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Step Four: Keywords
In today's world of e-mailed and scannable resumes, make
sure you know the buzzwords of your industry and incorporate
them into the sentences you are about to write. Keywords are
the nouns or short phrases that describe your experience and
education that might be used to find your resume in a keyword
search of a resume database. They are the essential knowledge,
abilities, and skills required to do your job. They are concrete
descriptions like: C++, UNIX, fiber optic cable, network,
project management, etc. Even well-known company names (AT&T,
IBM, Hewlett-Packard, MCI) and universities (Harvard, Yale,
SMU, SUNY, USC, Stanford, Tulane, Thunderbird) are sometimes
used as keywords, especially when it is necessary to narrow
down an initial search that calls up hundreds of resumes from
a resume database.
Acronyms and abbreviations here can either hurt you or help
you, depending on how you use them. One example given to me
by an engineer at Resumix was the abbreviation "IN."
Think about it. "IN" could stand for intelligent
networks, Indiana, or the word in. It is better to spell out
the abbreviation if there could be any possible confusion.
However, if a series of initials is so well known that it
would be recognized by nearly everyone in your industry and
would not likely be confused with a real word, then the keyword
search will probably use those initials (i.e., IBM, CPA, UNIX).
When in doubt, always spell it out at least one time on your
resume. A computer only needs to see the combination one time
for it to be considered a "hit" in a keyword search.
Soft skills are often not included in search criteria, especially
for very technical positions, although I have interviewed
some companies that use them extensively for the initial selection
of resumes for management positions. For instance, "communicate
effectively," "self-motivated," "team
player," and so on, are great for describing your abilities
and are fine to include in your profile, but concentrate more
on your hard skills, especially if you are in a high-tech
At the end of the chapter, you will find more examples of
keywords for specific industries, although there is no such
thing as a comprehensive listing of keywords for any single
job. The computerized applicant tracking programs used by
most companies allow the recruiter or hiring manager to personalize
his or her list for each job opening, so it is an evolving
process. You will never know whether you have listed absolutely
every keyword possible, so focus instead on getting on paper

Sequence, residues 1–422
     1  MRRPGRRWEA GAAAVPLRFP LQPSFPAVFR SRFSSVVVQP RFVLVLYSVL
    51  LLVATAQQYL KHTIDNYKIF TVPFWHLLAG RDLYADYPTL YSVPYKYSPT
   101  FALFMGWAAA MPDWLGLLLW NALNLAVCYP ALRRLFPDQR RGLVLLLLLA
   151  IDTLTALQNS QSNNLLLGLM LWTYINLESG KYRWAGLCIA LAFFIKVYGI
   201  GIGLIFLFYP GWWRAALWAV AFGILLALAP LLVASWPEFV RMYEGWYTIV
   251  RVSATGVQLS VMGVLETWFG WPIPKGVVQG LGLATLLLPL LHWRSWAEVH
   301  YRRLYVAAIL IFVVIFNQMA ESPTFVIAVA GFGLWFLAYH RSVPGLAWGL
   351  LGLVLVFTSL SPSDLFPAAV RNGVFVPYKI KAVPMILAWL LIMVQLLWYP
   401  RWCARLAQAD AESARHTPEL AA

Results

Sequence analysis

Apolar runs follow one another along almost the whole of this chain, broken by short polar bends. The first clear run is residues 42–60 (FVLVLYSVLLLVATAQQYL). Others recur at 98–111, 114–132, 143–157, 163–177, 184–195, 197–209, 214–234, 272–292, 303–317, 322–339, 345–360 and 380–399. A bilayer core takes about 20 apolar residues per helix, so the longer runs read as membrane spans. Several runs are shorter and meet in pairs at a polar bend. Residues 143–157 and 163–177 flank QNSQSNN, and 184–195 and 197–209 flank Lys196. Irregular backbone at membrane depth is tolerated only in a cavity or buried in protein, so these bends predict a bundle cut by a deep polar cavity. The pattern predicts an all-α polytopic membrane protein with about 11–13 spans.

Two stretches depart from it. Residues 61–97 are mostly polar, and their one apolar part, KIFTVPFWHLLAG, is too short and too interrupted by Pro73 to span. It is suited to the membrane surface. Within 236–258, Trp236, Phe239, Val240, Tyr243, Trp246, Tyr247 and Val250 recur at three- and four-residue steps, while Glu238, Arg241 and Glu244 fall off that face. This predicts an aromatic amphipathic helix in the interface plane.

as many related skills as possible.
The job descriptions you found in step three are some of
the most important sources for keywords. You can also be certain
that nearly every noun and some adjectives in a job posting
or advertisement will be keywords, so make sure you use those
words somewhere in your resume, using synonyms wherever you
can. Make a list of the keywords you have determined are important
for your particular job search and then list synonyms for
those words. As you incorporate these words into the sentences
of your resume, check them off.
One caution. Always tell the truth. The minute a hiring manager
speaks with you on the telephone or begins an interview, any
exaggeration of the truth will become immediately apparent.
It is a bad idea to say, "I don't have experience with
MS Word computer software" just to get the words MS Word
or computer software on paper so your resume will pop up in
a keyword search. In a cover letter, it might be appropriate
to say that you "don't have five years of experience
in marketing but can add two years of university training
in the subject to three years of in-depth experience as a
marketing assistant with Hewlett-Packard." That is legitimate
reasoning, but anything more manipulative can be hazardous
to your job search.
Step Five: Your Jobs
Starting with your present position, list the title of every
job you have held on a separate sheet of paper, along with
the name of the company, the city and state, and the years
you worked there. You don't need to list addresses and zip
codes, although you will need to know that information when
it comes time to fill out an application.
You can list years only (1996-present) or months and years
(May 1996- present), depending on your personality. People
who are detail oriented are usually more comfortable with
a full accounting of their time. Listing years alone covers
some gaps if you have worked in a position for less than a
full year while the time period spans more than one calendar
year. For instance, if you worked from September 1996 through
May 1997, saying 1996-1997 certainly looks better.
From the perspective of recruiters and hiring managers, most
don't care whether you list the months and years or list the
years only. However, regardless of which method you choose,
be consistent throughout your resume, especially within sections.
For instance, don't use months some of the time and years
alone within the same section. Consistency of style is important
on a resume, since it is that consistency that makes your
resume neat, clean, and easy to read.
Step Six: Duties
Under each job, make a list of your duties, incorporating
phrases from the job descriptions wherever they apply. You
don't have to worry about making great sentences yet or narrowing
down your list.